6th March 2018

Why apprenticeship reforms are good for business

There is no quicker way to learn than to immerse yourself in an unfamiliar environment, and that’s how apprenticeships work. People are immersed in their role and they learn by doing. It really is no wonder why work-based learning delivers such fantastic results for employers. They offer businesses an array of benefits, from retention to productivity. In fact, research has shown that a typical apprentice delivers productivity gains of over £10,000 per annum. With the arrival of new standards, there is no better time to invest in apprenticeships.

The new standards, created by employers for employers, now offer more role and sector relevant training than previously. They support team members to develop suitable skills, knowledge and behaviours to help them perform their job roles to the highest possible standards. Now that these reforms are in full swing, it’s imperative that business owners and investors see a real return on investment. You are now paying a levy for your apprenticeship training provision and it’s only right that we monitor the success of programmes carefully against an agreed set of criteria.

So, how do we ensure apprenticeships programmes perform? Critically we must plan well at the very beginning. We must endeavour to create a plan that befits the business and supports its objectives, that takes into account the bigger picture.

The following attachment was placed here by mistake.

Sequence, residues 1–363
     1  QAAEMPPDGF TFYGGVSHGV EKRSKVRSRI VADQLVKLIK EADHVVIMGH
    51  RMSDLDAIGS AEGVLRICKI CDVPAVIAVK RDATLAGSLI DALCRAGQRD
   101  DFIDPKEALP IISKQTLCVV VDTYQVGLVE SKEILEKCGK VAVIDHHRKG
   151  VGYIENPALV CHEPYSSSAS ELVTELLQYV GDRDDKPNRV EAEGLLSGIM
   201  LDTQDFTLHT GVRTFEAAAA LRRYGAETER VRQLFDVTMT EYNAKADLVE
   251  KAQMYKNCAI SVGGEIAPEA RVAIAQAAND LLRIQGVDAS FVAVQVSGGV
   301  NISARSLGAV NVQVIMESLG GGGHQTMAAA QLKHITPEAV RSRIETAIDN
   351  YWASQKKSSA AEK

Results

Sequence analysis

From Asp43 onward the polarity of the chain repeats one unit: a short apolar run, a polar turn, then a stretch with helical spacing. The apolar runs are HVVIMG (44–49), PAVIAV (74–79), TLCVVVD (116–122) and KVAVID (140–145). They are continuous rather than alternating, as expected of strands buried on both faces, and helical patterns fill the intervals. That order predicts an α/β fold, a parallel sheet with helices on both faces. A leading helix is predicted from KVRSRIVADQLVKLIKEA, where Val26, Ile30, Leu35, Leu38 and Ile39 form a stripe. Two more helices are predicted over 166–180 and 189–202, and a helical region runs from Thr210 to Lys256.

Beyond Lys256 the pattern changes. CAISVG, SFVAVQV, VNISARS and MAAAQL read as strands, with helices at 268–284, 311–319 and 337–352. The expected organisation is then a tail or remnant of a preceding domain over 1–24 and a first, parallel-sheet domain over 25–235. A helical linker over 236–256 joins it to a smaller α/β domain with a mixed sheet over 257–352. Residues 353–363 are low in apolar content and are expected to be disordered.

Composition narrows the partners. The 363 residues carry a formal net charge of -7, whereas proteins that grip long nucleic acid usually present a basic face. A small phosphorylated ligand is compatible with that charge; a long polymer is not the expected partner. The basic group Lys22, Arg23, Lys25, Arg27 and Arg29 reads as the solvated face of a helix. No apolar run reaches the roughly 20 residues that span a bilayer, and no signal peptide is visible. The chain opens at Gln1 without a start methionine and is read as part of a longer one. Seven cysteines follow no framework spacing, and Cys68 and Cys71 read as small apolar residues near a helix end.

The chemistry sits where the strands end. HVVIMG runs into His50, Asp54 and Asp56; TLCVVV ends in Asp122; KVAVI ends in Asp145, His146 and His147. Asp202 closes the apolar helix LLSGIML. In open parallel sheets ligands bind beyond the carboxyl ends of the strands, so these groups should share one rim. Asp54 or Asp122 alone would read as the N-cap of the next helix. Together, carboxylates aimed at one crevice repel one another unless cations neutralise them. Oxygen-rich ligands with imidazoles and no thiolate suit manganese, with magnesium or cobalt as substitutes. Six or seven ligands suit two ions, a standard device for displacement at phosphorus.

A decent apprenticeship training plan will describe the apprenticeship programmes and how they are expected to support business objectives. Career pathways should be created to demonstrate how the business might expect an apprentice to develop with the business and the length of time and investment this will require. Any resource and budgeting considerations or constraints will also need to be factored in.

To support the uptake of apprenticeships moving forward, a number of incentives have been put in place to support the transition to standards and to achieve employer buy-in. These include:

  • An annual £15,000 allowance to offset the levy fee
  • 0% monthly top up to levy fund
  • 1,000 per 16 to 18 year old apprentice (and 19 to 24 year olds with a Local Authority education, health and care plan)
  • Employers of less than 50 people will not pay a contribution for apprentices aged 16 to 18 or those aged 19 to 24 who meet the special requirements – 100% of the cost will be supported by the government
  • In addition, businesses no longer need to pay National Insurance contributions for apprentices under the age of 25
  • From April 2018, employers that pay the apprenticeship levy will have the option to transfer 10 percent of their annual apprenticeship funds to other organisations.


Apprenticeships as a route into work play a vital role. They improve the country’s employment record and develop the skills of the workforce, which in turn delivers economic value for all of us. Furthermore, to future proof our businesses, and our sectors, it makes sense to invest in our employees. By nurturing their career development they can then give back to our business and our industry.


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